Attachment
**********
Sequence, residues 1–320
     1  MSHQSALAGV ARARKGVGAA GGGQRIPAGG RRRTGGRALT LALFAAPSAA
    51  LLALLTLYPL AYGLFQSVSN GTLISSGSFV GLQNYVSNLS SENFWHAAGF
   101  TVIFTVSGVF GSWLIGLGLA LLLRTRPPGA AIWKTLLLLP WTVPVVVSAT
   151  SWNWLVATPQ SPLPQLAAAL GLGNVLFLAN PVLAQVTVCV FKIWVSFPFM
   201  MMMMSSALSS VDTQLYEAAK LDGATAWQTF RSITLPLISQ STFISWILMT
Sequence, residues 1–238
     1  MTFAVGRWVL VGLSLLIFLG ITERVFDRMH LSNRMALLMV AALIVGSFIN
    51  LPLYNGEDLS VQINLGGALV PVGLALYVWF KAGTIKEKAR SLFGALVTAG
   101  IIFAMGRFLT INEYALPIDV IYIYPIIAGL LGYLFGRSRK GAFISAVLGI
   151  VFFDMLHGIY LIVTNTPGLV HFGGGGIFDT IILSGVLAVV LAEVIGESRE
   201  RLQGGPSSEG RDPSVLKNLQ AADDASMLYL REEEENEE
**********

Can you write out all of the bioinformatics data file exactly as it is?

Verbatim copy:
Sequence, residues 1–320
     1  MSHQSALAGV ARARKGVGAA GGGQRIPAGG RRRTGGRALT LALFAAPSAA
    51  LLALLTLYPL AYGLFQSVSN GTLISSGSFV GLQNYVSNLS SENFWHAAGF
   101  TVIFTVSGVF GSWLIGLGLA LLLRTRPPGA AIWKTLLLLP WTVPVVVSAT
   151  SWNWLVATPQ SPLPQLAAAL GLGNVLFLAN PVLAQVTVCV FKIWVSFPFM
   201  MMMMSSALSS VDTQLYEAAK LDGATAWQTF RSITLPLISQ STFISWILMT
Sequence, residues 1–238
     1  MTFAVGRWVL VGLSLLIFLG ITERVFDRMH LSNRMALLMV AALIVGSFIN
    51  LPLYNGEDLS VQINLGGALV PVGLALYVWF KAGTIKEKAR SLFGALVTAG
   101  IIFAMGRFLT INEYALPIDV IYIYPIIAGL LGYLFGRSRK GAFISAVLGI
   151  VFFDMLHGIY LIVTNTPGLV HFGGGGIFDT IILSGVLAVV LAEVIGESRE
   201  RLQGGPSSEG RDPSVLKNLQ AADDASMLYL REEEENEE